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The financial crisis of the late 2000s resulted in the collapse of many large financial institutions, the bailout of banks by national governments...

The financial crisis of the late 2000s resulted in the collapse of many large financial institutions, the bailout of banks by national governments and downturns in world stock markets. Among the scapegoats blamed for the crisis was fair value accounting rules. The argument was that companies were forced by fair value accounting to write down their assets to what they hoped was temporarily irrational prices. These write-downs supposedly exacerbated market downturns.

Possibly in response to these arguments and to threats by the European Union to override international accounting standards, the International Accounting Standards Board changed its rules in IAS 39 on balance sheet classifications so that companies could shift many of their financial assets out of categories where fair value accounting was required. This meant a company holding 'dodgy' bonds could delay recognition of future losses on those bonds by simply changing their category on the balance sheet. Such an action is possible because the changes to IAS 39 meant that financial assets could be classified four ways: as fair value through profit or loss, as available for sale, as held to maturity, and as loans and receivables. The first two classifications require financial assets to be marked to market, with those classified as the first category requiring changes in value to go through the income statement, while changes in value for those classified as available for sale would not impact on the income statement. The other classifications allow companies to avoid using fair values on the balance sheet.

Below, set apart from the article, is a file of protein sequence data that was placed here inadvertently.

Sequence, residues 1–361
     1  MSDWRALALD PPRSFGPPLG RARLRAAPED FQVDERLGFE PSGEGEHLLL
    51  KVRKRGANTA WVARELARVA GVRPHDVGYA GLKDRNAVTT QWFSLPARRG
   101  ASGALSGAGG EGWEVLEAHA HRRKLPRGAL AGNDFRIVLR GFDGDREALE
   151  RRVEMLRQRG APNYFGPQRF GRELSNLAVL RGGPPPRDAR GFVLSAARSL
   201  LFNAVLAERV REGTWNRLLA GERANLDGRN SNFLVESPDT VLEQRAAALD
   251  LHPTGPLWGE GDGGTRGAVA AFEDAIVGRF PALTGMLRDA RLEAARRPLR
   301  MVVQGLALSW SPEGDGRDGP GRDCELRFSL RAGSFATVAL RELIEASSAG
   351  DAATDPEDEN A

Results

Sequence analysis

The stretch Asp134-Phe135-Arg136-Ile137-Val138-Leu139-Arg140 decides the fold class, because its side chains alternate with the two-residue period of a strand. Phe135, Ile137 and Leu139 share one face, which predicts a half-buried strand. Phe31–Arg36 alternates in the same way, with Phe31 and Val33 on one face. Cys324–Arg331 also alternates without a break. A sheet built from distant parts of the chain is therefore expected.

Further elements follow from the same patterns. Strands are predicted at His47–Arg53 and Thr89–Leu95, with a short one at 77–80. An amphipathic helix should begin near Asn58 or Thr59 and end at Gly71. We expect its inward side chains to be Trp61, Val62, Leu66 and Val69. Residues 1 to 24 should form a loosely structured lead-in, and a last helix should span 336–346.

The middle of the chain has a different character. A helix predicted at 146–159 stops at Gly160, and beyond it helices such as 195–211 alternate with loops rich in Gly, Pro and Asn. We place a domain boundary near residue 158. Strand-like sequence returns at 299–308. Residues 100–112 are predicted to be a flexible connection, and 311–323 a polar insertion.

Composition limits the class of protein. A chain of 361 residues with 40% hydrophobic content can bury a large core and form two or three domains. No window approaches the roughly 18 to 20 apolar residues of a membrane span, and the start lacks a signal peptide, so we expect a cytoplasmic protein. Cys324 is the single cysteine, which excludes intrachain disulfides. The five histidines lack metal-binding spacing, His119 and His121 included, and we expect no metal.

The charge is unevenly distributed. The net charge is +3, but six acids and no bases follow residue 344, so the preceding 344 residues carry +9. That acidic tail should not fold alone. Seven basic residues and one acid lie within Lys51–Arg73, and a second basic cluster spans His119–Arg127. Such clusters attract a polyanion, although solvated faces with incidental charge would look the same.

In 2009, the Financial Accounting Standards Board also changed its comparable standard to allow companies to keep losses on impaired financial instruments out of net income.

Questions:

Suppose you are a company holding large quantities of financial instruments the market value of which had declined markedly since purchase. How would you classify those instruments and why?

Will companies with large holdings of dodgy financial instruments be motivated to disclose information about those instruments? Give reasons for your answer.

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